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by Miriam Raftery

October 8, 2014 (San Diego's East County) -- Tom Lemon snapped this dazzling shot of this morning's blood moon, an unusual type of eclipse in which the moon appears red or orange. The red color of the moon is caused by a shadow cast by the earth.

If you missed this morning's sighting, two more blood moons will occur next year on April 4 and September 28, 2015. These will be the last of four blood moons occuring over a 16 month interval.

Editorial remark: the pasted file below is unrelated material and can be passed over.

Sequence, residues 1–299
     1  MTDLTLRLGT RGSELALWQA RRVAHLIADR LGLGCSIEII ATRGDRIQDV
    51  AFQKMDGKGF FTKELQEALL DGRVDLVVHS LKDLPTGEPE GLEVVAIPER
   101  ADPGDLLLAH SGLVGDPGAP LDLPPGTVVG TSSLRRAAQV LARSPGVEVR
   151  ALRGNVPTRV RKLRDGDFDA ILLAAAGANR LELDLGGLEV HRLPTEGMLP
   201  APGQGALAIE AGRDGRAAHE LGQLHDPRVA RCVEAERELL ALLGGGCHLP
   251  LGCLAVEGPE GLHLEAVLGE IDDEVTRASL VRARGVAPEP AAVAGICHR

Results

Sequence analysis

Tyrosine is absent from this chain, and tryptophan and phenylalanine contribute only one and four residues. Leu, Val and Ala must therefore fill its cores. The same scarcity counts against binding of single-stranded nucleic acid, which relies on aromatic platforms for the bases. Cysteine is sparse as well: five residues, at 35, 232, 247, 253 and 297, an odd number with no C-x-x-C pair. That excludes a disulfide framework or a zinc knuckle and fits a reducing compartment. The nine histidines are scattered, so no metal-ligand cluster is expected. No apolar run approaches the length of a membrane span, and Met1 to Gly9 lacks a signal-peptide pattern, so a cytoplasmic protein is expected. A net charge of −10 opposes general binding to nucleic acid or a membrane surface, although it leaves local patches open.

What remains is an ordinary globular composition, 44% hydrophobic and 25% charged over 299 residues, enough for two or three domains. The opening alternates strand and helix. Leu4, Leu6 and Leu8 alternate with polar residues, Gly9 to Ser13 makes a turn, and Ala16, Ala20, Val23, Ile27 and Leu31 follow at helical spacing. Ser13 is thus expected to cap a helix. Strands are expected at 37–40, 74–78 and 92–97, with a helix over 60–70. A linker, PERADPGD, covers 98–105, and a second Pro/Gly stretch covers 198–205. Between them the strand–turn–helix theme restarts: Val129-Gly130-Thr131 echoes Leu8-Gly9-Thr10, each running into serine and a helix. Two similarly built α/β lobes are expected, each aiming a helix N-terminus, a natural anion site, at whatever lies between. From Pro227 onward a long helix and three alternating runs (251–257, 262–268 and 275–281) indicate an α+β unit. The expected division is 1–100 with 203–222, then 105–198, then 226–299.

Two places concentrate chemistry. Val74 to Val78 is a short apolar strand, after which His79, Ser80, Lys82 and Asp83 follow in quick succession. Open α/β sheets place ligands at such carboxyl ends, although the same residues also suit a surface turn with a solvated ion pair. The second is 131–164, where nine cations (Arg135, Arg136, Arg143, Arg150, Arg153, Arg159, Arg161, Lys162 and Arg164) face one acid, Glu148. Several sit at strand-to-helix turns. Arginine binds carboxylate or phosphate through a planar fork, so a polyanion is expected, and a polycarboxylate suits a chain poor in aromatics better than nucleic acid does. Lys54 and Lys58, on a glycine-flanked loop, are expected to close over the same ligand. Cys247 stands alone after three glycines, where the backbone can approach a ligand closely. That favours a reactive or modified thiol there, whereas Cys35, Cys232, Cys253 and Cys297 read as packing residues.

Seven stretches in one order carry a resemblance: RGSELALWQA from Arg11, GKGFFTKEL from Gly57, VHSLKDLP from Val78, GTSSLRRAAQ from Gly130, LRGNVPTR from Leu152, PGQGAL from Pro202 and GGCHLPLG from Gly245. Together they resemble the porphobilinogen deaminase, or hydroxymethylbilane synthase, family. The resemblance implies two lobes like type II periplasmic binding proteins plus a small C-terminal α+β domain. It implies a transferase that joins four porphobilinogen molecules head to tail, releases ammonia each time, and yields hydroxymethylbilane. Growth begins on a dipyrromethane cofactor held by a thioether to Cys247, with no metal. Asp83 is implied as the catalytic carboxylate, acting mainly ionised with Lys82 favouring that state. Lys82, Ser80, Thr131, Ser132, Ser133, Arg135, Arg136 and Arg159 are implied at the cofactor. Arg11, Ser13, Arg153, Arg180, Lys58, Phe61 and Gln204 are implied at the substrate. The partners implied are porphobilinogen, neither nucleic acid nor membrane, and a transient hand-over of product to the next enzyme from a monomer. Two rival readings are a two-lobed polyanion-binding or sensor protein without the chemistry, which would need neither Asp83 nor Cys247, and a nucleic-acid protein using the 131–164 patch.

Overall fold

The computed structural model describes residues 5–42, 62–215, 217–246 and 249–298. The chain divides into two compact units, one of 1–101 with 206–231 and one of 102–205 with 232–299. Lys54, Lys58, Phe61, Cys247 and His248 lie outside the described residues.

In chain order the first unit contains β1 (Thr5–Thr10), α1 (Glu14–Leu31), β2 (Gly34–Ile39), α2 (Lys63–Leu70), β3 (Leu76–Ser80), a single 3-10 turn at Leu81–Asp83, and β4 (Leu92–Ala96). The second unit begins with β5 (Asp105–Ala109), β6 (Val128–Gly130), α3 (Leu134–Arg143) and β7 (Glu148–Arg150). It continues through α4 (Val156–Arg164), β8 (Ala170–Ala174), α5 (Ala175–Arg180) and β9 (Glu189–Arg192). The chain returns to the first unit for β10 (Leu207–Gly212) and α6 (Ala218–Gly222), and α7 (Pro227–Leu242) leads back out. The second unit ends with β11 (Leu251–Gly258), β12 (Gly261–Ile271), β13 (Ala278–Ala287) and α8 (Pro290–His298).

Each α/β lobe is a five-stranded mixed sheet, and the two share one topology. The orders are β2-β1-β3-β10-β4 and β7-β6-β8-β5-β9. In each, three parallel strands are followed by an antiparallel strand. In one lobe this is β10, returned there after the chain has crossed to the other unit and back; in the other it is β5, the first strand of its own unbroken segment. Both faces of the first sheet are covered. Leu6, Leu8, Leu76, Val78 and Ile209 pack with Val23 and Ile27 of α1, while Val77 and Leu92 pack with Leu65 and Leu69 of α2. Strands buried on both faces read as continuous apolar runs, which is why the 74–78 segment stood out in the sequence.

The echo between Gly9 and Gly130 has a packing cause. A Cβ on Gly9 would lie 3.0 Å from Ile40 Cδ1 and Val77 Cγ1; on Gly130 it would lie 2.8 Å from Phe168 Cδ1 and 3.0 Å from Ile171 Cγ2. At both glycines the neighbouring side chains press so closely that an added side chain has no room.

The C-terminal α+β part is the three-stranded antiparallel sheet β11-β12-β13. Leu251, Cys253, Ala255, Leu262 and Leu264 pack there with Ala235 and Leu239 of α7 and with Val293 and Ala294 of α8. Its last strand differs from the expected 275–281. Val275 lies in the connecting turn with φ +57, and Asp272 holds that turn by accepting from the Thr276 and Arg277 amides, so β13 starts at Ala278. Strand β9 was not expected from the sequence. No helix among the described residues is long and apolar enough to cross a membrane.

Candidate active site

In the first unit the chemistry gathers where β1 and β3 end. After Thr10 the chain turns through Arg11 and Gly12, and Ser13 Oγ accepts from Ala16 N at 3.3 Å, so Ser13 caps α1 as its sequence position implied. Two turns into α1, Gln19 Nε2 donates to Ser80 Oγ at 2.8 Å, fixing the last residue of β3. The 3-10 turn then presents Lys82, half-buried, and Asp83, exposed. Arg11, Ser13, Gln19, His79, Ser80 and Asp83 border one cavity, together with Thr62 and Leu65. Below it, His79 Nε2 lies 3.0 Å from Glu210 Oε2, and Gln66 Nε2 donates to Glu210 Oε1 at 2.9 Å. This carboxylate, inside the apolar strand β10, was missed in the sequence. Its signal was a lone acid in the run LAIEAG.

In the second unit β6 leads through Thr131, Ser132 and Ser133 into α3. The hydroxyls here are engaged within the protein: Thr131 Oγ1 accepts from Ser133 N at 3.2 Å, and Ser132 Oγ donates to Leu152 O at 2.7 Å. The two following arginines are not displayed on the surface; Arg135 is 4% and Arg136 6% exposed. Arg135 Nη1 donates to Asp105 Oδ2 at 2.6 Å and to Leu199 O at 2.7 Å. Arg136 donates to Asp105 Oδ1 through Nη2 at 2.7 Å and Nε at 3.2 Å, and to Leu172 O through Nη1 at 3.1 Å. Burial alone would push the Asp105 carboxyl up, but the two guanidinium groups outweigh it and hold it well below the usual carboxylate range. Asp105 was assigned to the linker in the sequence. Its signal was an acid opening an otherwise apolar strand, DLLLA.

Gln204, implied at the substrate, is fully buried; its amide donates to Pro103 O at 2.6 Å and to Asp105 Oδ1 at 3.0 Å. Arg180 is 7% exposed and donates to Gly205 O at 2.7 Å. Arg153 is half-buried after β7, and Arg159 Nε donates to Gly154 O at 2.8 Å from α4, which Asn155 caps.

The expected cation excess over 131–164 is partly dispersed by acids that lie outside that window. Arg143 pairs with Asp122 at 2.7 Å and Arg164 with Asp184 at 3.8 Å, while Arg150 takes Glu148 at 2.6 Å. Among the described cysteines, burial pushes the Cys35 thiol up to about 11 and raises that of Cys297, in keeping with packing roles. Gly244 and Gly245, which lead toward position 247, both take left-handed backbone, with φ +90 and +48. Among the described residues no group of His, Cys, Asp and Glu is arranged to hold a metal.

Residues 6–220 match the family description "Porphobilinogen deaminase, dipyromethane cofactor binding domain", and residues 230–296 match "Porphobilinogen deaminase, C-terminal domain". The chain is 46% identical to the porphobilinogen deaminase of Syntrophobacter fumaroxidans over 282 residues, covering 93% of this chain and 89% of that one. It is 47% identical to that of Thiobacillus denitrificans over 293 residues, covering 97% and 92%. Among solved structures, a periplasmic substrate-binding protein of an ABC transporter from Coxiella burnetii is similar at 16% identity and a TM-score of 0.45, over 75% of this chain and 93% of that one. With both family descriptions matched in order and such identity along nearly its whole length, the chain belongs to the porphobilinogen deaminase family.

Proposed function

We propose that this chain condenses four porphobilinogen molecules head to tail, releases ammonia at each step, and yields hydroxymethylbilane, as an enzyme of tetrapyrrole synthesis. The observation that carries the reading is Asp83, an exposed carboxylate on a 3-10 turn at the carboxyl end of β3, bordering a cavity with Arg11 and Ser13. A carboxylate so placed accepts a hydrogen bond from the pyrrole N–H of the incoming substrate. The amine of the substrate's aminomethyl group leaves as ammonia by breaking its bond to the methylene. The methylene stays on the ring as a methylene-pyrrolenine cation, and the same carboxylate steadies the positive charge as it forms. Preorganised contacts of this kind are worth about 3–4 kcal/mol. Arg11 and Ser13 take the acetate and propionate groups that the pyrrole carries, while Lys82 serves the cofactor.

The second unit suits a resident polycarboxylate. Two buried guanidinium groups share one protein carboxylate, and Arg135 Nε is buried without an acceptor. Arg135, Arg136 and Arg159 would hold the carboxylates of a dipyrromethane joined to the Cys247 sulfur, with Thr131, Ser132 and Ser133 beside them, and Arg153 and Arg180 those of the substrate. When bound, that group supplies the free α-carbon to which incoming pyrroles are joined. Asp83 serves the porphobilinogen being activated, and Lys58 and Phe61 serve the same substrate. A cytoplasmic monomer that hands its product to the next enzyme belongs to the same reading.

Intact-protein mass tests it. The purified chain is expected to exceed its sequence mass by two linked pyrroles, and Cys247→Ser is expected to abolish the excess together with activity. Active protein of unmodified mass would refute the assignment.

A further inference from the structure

It is rare to have so many total eclipses in a single year, says NASA. In fact you would have to go back 300 years in time before the 20th century to find a similar pattern.

A lunar eclipse happens when the Earth casts a shadow that blocks sunlight that normally reflects off of the moon. A total lunar eclipse can only happen when the sun, Earth and moon are perfectly aligned. During the time of total eclipse, the moon will often look reddish due to red and orange light being scattered by the atmosphere. This eerie, harmless effect has earned the tongue-in-cheek nickname "blood moon."

For more details on blood moons including the upcoming viewings next year, visit

Watch an educational video about lunar eclipses at

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